“Winnipeg was certainly a major center of immigration until the First World War, but of course many people travelled further on. There were so many opportunities out west,” said Dr. Roland Sawatzky, the history curator at the Manitoba Museum.

“The ones who couldn’t make a living farming, either because they weren’t skilled or didn’t know anything about the Canadian prairies and its harsh environment, they often migrated into cities like Calgary, Edmonton, Regina and Winnipeg.”

Travelling with the exhibit will be a theatre troupe performing a play written by Alberta playwright Winn Bray, focusing on a cross-section of new Canadians who settled the west. The play will also highlight the story of the Bank of Montreal’s role in the growth of western Canada.

“The Bank of Montreal financed the Canadian Pacific Railway to open the west for settlement and they helped a lot of the settlers coming out there with land purchases. They are also celebrating their 200th anniversary this year,” added Munro.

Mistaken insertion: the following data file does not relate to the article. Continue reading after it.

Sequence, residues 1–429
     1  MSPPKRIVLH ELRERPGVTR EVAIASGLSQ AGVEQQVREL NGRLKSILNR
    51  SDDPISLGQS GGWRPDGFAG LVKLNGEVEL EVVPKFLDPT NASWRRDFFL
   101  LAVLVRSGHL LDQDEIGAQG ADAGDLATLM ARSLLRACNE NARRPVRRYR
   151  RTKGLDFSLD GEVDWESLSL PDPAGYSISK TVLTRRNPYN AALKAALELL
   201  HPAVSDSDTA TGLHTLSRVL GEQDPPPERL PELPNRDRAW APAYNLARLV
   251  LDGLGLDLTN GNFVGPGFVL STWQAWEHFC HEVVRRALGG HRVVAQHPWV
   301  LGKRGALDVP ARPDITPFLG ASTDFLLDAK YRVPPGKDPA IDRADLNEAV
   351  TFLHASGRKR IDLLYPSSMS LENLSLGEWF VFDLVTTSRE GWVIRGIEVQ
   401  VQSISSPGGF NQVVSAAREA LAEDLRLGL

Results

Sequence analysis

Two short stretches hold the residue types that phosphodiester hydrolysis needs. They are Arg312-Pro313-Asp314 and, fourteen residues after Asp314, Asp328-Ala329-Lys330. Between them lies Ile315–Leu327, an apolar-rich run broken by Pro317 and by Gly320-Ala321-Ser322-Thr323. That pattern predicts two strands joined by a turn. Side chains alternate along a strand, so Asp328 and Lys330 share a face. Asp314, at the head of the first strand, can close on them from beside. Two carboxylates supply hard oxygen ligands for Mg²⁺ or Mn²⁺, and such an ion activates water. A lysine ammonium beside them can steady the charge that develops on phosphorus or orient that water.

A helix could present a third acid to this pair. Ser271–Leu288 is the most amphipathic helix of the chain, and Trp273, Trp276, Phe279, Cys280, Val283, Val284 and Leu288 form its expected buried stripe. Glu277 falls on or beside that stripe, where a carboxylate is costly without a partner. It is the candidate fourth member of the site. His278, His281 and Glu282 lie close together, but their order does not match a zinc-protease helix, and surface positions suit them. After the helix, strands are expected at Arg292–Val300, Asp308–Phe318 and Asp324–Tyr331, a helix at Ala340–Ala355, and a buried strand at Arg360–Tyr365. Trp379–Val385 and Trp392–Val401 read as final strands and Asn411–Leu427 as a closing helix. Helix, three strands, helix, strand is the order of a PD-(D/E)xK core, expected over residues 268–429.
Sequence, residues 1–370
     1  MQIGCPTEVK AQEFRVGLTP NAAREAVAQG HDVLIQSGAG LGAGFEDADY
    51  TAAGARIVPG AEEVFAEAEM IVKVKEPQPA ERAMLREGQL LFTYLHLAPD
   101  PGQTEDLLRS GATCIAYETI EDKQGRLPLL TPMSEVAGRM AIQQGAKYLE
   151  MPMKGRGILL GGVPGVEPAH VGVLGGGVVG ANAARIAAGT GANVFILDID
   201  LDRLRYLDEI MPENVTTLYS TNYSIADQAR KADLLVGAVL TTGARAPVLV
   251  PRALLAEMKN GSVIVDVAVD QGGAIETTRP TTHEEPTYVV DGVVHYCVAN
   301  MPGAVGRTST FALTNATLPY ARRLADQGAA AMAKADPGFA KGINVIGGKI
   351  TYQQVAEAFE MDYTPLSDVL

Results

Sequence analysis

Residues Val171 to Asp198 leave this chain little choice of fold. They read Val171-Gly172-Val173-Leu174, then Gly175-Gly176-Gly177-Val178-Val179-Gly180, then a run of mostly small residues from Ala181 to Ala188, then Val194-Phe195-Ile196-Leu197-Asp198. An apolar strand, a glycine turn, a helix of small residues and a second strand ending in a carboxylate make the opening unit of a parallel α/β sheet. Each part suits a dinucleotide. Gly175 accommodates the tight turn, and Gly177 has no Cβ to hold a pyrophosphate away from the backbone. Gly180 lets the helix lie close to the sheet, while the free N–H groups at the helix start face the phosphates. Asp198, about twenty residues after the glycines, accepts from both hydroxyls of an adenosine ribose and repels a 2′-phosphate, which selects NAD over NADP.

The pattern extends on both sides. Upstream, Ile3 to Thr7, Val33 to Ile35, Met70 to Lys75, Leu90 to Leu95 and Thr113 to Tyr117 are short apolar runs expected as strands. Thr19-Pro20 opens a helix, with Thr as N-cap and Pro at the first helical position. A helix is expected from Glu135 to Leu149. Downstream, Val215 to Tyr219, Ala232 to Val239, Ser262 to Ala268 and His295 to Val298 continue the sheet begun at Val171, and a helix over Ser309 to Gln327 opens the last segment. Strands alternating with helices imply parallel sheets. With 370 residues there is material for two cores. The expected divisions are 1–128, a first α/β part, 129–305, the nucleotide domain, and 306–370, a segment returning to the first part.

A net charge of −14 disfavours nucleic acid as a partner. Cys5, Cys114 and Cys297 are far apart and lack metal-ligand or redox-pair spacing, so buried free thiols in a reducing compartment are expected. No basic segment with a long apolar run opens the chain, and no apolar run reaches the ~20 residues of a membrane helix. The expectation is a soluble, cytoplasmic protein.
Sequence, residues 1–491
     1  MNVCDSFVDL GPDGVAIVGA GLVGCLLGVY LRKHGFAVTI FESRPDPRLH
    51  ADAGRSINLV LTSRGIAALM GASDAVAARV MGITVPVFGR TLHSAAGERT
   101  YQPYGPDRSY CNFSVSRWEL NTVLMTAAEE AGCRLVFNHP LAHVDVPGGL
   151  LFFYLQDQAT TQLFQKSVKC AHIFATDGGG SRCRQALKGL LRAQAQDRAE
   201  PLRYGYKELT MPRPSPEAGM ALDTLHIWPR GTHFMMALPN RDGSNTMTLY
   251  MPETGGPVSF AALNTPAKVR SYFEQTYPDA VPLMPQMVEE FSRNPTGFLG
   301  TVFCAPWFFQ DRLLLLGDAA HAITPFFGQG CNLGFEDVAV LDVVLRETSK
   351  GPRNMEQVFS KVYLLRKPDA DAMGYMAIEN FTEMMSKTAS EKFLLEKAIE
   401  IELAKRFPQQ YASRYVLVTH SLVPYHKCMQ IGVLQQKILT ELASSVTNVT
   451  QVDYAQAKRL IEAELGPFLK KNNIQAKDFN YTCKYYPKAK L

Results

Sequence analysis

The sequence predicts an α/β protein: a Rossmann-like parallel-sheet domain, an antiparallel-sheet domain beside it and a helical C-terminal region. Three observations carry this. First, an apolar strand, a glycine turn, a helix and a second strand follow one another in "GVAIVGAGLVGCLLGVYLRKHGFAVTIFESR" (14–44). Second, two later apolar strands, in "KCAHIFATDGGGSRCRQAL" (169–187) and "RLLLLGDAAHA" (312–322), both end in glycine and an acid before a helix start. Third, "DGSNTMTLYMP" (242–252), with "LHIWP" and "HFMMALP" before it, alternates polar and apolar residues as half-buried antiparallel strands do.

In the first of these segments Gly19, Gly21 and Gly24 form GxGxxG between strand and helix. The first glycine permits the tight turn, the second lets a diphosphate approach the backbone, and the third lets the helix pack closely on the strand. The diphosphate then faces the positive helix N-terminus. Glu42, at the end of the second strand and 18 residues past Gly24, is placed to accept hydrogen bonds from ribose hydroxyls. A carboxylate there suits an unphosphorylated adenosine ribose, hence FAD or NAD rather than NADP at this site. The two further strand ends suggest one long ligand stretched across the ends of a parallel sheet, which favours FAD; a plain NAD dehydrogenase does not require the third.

At one time, in a location not far from where the Manitoba Museum sits today, there were immigration halls where newcomers would stay for several days before continuing their journey westward. While those buildings have since been demolished, downtown’s historic Exchange District is an excellent reminder of that time.

“The Exchange District is a national historic site that was built during that boom time in the 1880s and 1890s and is a reminder of that period of immigration and expansion,” said Sawatzky. “There are a lot of really wonderful buildings and warehouses that had all the equipment and supplies that the settlers needed. That was all here and then went with the railway further west to supply all those hundreds of thousands of people and that was one of the reasons for the boom in Winnipeg.”

The exhibit and the play ran this summer at Heritage Park Historical Village in Calgary and has since had stops at the Canadian Museum of Immigration at Pier 21 in Halifax, the Canadian Museum of History in Gatineau and the Waterloo Region Museum in Kitchener. It’s been a hit everywhere it has stopped.

“We had 6,000 people visit on Canada Day and we actually had to turn some of them away. People were lined up to get in and the venue was not huge. We have never had to turn people away from a performance before,” said Heritage Park Historical Village’s Munro.